When I was a kid, we did not text-message the person across the table to pass the salt. We did not have the Internet, so I couldn't send a generic email thanking people for my bat mitzvah presents. That would have been a godsend, because it's hard to find the most diplomatic way to say, thanks, but your gift stinks. I cannot use a Day-Glo green plastic bracelet sprinkled with pink daisies that Carmen Miranda would veto. Meantime, my brother is getting slick watches and Cross pens, when it's his turn to pretend he's a man.

Of course, the injustice was not lost on me -- then or now. And happily, I found a used copy of "Sisterhood is Powerful" in the library, which cleared up the mystery. Subversive feminism to some, essential to others, it was a potent reminder that books are power. Mostly, they have the power to provoke your parents and teachers. It's go-time.

Yet the publishing biz, like the newspaper and magazine world, is being challenged in the digital age. So is the status of book editors. The Atlanta Journal-Constitution eliminated the job, while the Los Angeles Times merged its once stand-alone section with the Sunday opinion pages. Across the U.S., newspapers are either nixing book sections or running reprints from the wires. Book reviews, we might assume, are in peril.

One bright spot: there are many online book blogs. Kudos to any venue -- digital or print -- that smartly discusses books and ideas. Add Bookmarks to the list.

The 5-year-old bimonthly is chock-full of reviews; it summarizes more than 500 from over 50 major pubs. It's a digest for those obsessed with new books and a user-friendly way to keep informed -- and impress your friends.

Here's how it works: Bookmarks sums up a book (with the requisite one to four stars), then runs review excerpts from reputable papers -- from The New York Times to the Denver Post. Usually, it features several glowing reviews and the occasional critical dig. Not every book is worthy of note. Any idea how many trees were killed for the Barnes & Nobles remainder table? That is a crime against nature.

The mag also invites readers in on the action.

In the "Have You Read?" section, subscribers gush. But please, a moratorium on exclamation marks. "Coming of Age in Mississippi," which chronicles growing up poor, black and female in the 1940s South, has got to be searing. Slugging it "a wonderful mix of the personal and the political!" is just too glib. We could be talking about Barney's time in the White House. In a real-life wag-the-dog scenario, Barney is the president's terrier. He attends high-level meetings and has a Web site. So far, Barney has yet to choke on a pretzel while sleeping. Then again, terriers are highly intelligent and alert animals.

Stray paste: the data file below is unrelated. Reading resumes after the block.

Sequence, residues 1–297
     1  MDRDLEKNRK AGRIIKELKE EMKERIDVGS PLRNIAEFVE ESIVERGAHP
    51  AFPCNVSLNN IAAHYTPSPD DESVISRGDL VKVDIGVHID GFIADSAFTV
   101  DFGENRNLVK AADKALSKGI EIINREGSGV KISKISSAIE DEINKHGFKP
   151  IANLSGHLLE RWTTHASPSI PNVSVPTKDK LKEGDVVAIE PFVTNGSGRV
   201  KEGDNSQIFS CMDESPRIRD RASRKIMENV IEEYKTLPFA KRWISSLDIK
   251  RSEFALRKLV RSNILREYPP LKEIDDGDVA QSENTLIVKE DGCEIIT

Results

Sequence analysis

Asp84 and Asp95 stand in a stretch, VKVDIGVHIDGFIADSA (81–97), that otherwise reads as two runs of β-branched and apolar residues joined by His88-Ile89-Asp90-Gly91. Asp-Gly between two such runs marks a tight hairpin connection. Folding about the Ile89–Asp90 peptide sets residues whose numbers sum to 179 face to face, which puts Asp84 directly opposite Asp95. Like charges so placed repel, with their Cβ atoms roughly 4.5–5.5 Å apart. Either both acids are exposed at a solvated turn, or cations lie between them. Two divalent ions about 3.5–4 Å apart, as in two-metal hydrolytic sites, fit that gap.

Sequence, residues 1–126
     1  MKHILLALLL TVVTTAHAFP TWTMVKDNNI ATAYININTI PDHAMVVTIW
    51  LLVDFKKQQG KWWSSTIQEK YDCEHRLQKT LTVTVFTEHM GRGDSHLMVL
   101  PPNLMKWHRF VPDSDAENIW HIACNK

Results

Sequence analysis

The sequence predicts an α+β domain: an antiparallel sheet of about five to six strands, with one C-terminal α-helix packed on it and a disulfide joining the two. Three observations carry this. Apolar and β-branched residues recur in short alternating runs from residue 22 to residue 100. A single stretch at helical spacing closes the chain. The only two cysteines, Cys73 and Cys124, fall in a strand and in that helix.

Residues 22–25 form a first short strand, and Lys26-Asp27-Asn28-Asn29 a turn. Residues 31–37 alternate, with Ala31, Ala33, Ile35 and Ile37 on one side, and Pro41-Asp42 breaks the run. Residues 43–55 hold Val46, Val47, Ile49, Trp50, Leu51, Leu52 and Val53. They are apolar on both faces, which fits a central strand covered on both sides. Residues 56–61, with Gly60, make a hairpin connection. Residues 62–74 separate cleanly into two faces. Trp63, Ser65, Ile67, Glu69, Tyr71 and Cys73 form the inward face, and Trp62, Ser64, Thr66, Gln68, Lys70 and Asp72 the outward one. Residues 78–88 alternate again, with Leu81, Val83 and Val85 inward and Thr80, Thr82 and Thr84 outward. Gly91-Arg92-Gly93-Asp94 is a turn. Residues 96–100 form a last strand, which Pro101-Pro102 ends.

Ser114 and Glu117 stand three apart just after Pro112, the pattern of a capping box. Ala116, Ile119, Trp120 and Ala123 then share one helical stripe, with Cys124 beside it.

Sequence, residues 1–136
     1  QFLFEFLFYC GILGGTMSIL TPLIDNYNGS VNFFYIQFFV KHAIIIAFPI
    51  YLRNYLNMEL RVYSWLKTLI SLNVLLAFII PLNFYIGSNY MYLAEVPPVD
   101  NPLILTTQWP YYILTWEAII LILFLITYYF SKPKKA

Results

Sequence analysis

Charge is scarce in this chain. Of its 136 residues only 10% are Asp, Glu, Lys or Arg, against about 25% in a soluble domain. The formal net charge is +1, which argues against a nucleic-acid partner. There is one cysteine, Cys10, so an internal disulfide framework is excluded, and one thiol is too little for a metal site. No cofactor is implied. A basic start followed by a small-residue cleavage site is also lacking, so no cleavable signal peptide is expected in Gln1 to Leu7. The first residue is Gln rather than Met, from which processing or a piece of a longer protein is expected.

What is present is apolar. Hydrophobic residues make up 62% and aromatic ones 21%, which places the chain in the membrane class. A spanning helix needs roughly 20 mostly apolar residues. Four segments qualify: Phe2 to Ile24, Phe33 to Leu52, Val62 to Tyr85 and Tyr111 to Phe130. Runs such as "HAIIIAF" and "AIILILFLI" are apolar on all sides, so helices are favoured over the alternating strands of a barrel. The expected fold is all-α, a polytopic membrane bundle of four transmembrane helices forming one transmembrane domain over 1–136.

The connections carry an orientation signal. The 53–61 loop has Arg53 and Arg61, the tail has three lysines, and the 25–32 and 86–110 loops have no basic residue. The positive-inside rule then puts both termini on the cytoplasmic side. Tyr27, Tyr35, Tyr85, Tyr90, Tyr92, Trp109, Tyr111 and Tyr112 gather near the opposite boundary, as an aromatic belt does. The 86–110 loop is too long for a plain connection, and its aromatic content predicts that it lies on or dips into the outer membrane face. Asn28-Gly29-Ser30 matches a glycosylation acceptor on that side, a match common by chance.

A second democratic entry is "Book Group." Readers send a photo and a Q&A profile. The current one, from Grand Rapids, Mich., is comprised of five women who discovered -- I kid you not -- that "we could meet to talk about books without actually having read them. After all, reading does take a lot of time." That's akin to: Sex is fun, but children are a risky, long-term investment. By contrast, a good book can enhance your life. Added bonus: if you don't like it, you can always take it back.

Still, Bookmarks does something terrific: It tackles a particular author or era from the past, such as "Literature of the Beat Generation," which examines the drug- and sex-fueled works of Jack Kerouac, Alan Ginsberg and William Burroughs. Sidebars add nifty summations of the author and best-known works, and the feature ends with a few lines from a period review.

I learned that Burroughs' "Junky" was a seminal novel about heroin addiction, and Ginsberg's poem "Howl" delivers an honest exploration of mental illness. Which means neither is on my reading list. Two episodes of "24" is enough anxiety for a lifetime. But the sidebar -- women of the beat generation -- was informative. And now, like the Michigan five, I can talk about the Beats without having read them. Thank you, Bookmarks!

But the "On the Road" boys pale next to the Emile Zola entry, my favorite. Zola wrote an impassioned defense of Dreyfus and shocked readers with depictions of late 19th-century lower-class Parisian life. "Nana," the story of a street prostitute who uses sex to become the most dazzling courtesan of the day, is a riveting tale of power, corruption and disintegration. And alongside "Lassommoir" and "Therese Raquin," it's among his masterpieces.

Finally, Bookmarks throws in experts each issue, say, some of the country's top guitarists to pick the best books to learn string theory. That's kind of cool. So is its devotion to literature, which needs more cheerleaders. Book it.


Published by: Bookmarks Publishing
Frequency: Bimonthly
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